Skip to main content Accessibility

Long Road to Nowhere: How Southern States Struggle with Long-Term Incarceration

The Deep South is the epicenter of mass incarceration. The United States incarcerates more people per capita than any other country, with prison populations growing by 86% between 1990 and 2019. For Southern states, prison populations exploded by 127% during that same period. During this time in history, America implemented “tough on crime” policies that responded to public health issues like the drug epidemic with incarceration instead of rehabilitation. Laws for even nonviolent crimes became more punitive with longer sentences, and people of color were disproportionately pushed into prisons with little hope for parole.

Today, incarceration rates for Latinx and Black people are more than two and five times the incarceration rate of whites, respectively. The commitment to the “tough on crime” narrative led to significantly over-crowded prisons, which not only put a strain on state budgets, but also created human rights challenges regarding how to maintain a safe and healthy prison environment.

Three Southern states in particular — Alabama, Florida, and Louisiana — exemplify how prison populations have grown to be problematic in three unique ways. Alabama is home to the most overcrowded prisons in the country, currently, at 151% of capacity. Alabama’s prison crisis has drawn attention from U.S. Department of Justice investigations twice within a 15-month period, and led to a recent lawsuit concerned with how severely overcrowded prisons contribute to unsafe, unsanitary, and increasingly violent conditions. Even after sentencing reforms were passed in 2017, recent legislation concerning the Alabama Board of Pardons and Paroles has severely diminished the parole chances of currently incarcerated people.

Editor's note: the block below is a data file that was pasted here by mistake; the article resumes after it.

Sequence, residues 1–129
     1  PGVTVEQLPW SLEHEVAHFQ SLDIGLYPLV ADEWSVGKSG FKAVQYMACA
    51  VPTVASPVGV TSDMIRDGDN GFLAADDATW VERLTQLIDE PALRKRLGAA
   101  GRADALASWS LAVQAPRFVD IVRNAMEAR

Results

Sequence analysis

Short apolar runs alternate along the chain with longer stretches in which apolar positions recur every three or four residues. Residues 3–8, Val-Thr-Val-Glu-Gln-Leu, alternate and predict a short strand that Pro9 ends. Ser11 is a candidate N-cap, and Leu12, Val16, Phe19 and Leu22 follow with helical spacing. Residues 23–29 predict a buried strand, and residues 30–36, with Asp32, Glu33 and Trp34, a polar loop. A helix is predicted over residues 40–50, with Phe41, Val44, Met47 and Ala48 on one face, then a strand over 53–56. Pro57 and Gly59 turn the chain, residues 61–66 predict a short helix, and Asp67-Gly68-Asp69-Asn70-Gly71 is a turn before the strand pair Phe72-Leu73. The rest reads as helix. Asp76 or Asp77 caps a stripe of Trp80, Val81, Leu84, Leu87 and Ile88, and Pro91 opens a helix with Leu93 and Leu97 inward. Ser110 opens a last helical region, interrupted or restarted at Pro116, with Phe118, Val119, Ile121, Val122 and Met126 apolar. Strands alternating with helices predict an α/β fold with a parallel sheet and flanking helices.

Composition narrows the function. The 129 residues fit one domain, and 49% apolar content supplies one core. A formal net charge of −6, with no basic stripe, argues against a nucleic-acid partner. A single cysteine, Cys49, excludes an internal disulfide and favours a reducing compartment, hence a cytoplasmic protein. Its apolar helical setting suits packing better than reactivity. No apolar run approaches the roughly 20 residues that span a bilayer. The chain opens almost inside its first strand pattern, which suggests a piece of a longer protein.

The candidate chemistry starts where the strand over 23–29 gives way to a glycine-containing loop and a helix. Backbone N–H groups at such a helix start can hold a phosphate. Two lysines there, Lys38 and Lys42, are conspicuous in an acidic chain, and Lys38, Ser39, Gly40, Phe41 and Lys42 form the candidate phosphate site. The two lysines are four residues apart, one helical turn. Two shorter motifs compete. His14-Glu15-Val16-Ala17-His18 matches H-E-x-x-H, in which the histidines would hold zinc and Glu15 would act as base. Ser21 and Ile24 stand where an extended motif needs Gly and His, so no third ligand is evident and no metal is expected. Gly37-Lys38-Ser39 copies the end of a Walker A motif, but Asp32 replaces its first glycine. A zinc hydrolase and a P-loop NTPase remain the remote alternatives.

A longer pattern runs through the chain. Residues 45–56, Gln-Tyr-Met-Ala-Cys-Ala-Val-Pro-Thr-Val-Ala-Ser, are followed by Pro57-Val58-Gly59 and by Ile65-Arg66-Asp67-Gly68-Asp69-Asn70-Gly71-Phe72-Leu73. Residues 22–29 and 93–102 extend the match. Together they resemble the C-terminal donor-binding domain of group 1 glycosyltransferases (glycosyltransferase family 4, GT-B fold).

Florida, with over 95,000 imprisoned people, has the third-largest prison population of any state in the country, behind only Texas and California. However, unlike California and Texas, Florida still adheres to a “Truth in Sentencing” rule requiring incarcerated people to serve at least 85% of their sentences, regardless of any demonstration of rehabilitation. Florida’s abolishment of parole for crimes after October 1983 also makes it nearly impossible to decarcerate in the manner of other states. As a result, Florida has grown to have the oldest prison population in the South, a group whose care is increasingly expensive.

Louisiana, on the other hand, has been known as the “incarceration capital of the world” for consistently having incredibly high incarceration rates. A large factor is the number of people serving life sentences without the possibility of parole, including juveniles. Life-without-parole sentencing, or “LWOP,” has permanently locked over 4,500 people in Louisiana’s prisons, with an additional 1,300 serving “virtual life” sentences of more than 50 years — altogether making up one of every five incarcerated people in the state. Louisiana currently holds more people with LWOP sentences than Alabama, Georgia, New York, and Texas combined.

The lack of early prison release is just one of many contributors to mass incarceration in the South — an issue that presents itself in varying ways across the states. Likewise, the solutions also vary — from expanding parole eligibility and making it retroactive, to increasing incentives for rehabilitation credits, to recalibrating triggers for LWOP sentences. A sensible approach to decarcer-ation in the South would not only make prisons safer and less expensive, but would also create opportunities to reinvest savings in other priorities. This report will investigate the impact that overincarceration has had in three Southern states, and provide recommendations on how each state can address the issue through policy change.

Read the report by clicking on the image below.

Photo by Shutterstock